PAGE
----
Akhenaten also spelled Echnaton, Akhenaton, Ikhnaton, and Khuenaten; meaning “Effective for Aten”. Akhenaten reigned (1319 -1336 BC), was King of Egypt of the 18th Dynasty. He was the son of Amenhotep III, who built the famous monuments at Karnak and Luxor.
During Akhenaten’s reign, Egypt was at its peak – it was wealthy, powerful, and respected the world over for its contributions to science and architecture. When he took the throne, the country continued to experience great prosperity; but this isn’t what he’s most famous for.
Akhenaten tried to replace the traditional Egyptianreligion (in which there was a supreme god, Amon, and several lesser gods) with the worship of the sun-god, Aten, alone. He also changed the capital of Egypt from Thebes to Tell-el-Amarna.
Aside from his changes to the Egyptian religion, Akhenaten also ordered a transformation in Egyptian art. Before his reign, Egyptian art was characterized by its lack of realism; people were often drawn with their heads facing the wrong way, for example, in case they came alive and attacked their creators.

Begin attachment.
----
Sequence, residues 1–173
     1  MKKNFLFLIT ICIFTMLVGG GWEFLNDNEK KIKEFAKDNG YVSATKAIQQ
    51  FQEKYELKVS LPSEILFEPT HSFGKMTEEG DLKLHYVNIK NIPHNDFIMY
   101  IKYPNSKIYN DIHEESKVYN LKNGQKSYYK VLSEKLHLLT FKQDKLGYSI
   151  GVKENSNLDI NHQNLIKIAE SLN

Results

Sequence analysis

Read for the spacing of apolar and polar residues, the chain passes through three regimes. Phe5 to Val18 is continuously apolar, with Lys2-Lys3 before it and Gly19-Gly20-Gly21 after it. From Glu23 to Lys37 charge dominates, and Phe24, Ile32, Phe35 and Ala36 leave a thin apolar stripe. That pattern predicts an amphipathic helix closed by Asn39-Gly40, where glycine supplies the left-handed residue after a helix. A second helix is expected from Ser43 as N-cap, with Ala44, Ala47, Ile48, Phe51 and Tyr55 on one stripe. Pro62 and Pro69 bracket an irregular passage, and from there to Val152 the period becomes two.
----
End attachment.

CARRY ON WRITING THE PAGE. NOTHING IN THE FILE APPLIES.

Any “realistic” art was drawn to the image of the ideal, where everybody had perfect faces and bodies. During Akhenaten’s rule, Egyptian artists began to depict people as they really were, a style which persisted after his death even when policies did not.
After his death his religious reforms were abolished and his new temples destroyed. Modern interest in Akhenaten and his queen, Nefertiti, comes partly from his connection with Tutankhamun, partly from the unique style and high quality of the pictorial arts he patronized, and partly from ongoing interest in the religion he attempted to establish.
Content contributed by Marjorie Radella, residing in Mars, Pennsylvania, USA